TV Guide called Seinfeld the best TV show of all time in 2002. Debatable as that claim may be, the show did unequivocally define part of the 90s TV landscape and leave a lasting impression with audiences. But as the story goes, “Seinfeld” almost died in its first year on the air. TV is a cutthroat business and there’s tremendous pressure for new, or fledgling, shows to build audience and draw advertising dollars fast. No studio or network wants to carry the “overhead” and red ink of an under-performing show. That’s especially true today in a time when Internet technologies, gaming and other pastimes are expanding the options and access we have for amusements. Every tool in the marketers arsenal is fair game – even releasing premiers ahead of their formal broadcast debuts.
For Hulu, a video website jointly owned by News Corp (Fox) and NBC (along with ten percent to private equity partner Providence Equity), that’s good news. The site announced today on their blog that they’ll be hosting the world premieres of five shows – Knight Rider, Lipstick Jungle, Chuck, Life and 30 Rock. And by “World Premier” they mean it. The shows will air before being shown on broadcast TV.
For NBC, the plan seems to be one part marketing (pre-air hype generation) and one part anti- piracy prophylactic.
As a marketing tool:
Online premieres may be relatively new but they borrow from the time tested practice of advance screenings. In the movie industry, for example, marketers often release smaller films in “limited release” to build word of mouth interest and fuel "viral marketing." Later, as buzz develops and audience interest rises, the display footprint expands to more theaters.
NBC added the online equivalent to their marketing toolbox last year. Several shows including Chuck, Life and the now canceled Bionic Woman and Journeyman premiered in a similar fashion to what they’re doing today with Hulu.
Cable staple, Discovery Communications, which has shown a particular desire to build crossover (web-tv) audiences through their acquisitions of How Stuff Works and Treehugger, has also tested the practice. They used online pre-air premiers as a marketing tactic in August 2007.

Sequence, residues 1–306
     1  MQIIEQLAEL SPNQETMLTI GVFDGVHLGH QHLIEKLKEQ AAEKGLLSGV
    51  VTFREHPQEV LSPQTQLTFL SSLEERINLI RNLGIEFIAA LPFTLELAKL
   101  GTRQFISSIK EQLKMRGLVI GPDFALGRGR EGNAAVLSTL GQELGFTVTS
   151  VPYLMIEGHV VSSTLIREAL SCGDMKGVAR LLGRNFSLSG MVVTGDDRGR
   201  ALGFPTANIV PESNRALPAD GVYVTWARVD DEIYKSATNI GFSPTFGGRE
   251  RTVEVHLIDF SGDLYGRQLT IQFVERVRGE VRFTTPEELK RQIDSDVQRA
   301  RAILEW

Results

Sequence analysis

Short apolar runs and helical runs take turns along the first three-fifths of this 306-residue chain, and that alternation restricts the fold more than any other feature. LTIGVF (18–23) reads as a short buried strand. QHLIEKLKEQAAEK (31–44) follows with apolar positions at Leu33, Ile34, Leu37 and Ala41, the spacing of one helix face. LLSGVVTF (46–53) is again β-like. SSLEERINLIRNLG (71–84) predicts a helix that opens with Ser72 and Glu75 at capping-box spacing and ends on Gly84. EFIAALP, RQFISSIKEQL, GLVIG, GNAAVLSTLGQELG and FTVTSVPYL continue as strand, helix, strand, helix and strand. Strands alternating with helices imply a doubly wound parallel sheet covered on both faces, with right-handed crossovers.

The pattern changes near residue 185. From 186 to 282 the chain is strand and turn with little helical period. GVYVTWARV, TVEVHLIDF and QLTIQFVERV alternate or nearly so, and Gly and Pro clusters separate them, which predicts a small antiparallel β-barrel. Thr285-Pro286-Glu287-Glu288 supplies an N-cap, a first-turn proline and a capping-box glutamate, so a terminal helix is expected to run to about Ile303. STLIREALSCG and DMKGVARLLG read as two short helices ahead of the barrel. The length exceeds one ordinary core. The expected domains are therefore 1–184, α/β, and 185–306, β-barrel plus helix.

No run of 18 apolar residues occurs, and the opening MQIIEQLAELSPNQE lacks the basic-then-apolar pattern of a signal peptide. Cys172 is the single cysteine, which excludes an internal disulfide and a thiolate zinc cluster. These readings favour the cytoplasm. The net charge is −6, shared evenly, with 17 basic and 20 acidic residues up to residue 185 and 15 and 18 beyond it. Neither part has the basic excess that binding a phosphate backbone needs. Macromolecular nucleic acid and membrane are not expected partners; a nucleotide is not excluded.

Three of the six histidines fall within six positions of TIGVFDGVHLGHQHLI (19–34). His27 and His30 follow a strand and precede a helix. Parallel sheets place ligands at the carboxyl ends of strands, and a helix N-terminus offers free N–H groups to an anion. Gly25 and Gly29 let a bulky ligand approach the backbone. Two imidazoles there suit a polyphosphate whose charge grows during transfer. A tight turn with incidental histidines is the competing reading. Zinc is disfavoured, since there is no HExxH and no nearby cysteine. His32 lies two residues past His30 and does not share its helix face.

By ratings, it’s not clear if any of these efforts help drive first-episode TV viewership but they don’t likely hurt either.
Responding to potential critics who might have thought the practice might represent a channel conflict, Discovery’s president of Digital and Business Development unit, Bruce Campbell said last August (’07) that with the “complimentary platform [Discovery] can grow value for our brands and increase network viewership will broadening our consumer touch points beyond the TV screen.”
As a piracy tool:
File sharing of popular, or anticipated, TV shows has become increasingly common. In June, Wired reported that the pilot for JJ Abram’s upcoming (Sept. 9 debut) Fox thriller “Fringe” was online and trading several months ahead of scheduled release. HBO’s upcoming (Sept 7) “True Blood” found a similar online following.
Some believe the networks themselves “seed” some of this content to increase the chatter about their programs and build demand. Other’s believe the online footage is more nefarious and was stolen/pirated.
It’s unclear if legitimate online, on-demand solutions will address the piracy issue But, in logic, as a piracy tool, making shows freely available “on demand” to web audiences theoretically reduces the desire for people to seek and share illegal downloads. It gives them a legitimate, and legal, alternative. (It’s similar to the logic used for pushing "day and date release" schedule changes for film. )
In addition to the five premiers, over the coming month, Hulu will be offering a selection of other programs premiers, some aired on a similar schedule to broadcast, other’s following a slight delay. Check Hulu for precise scheduling.
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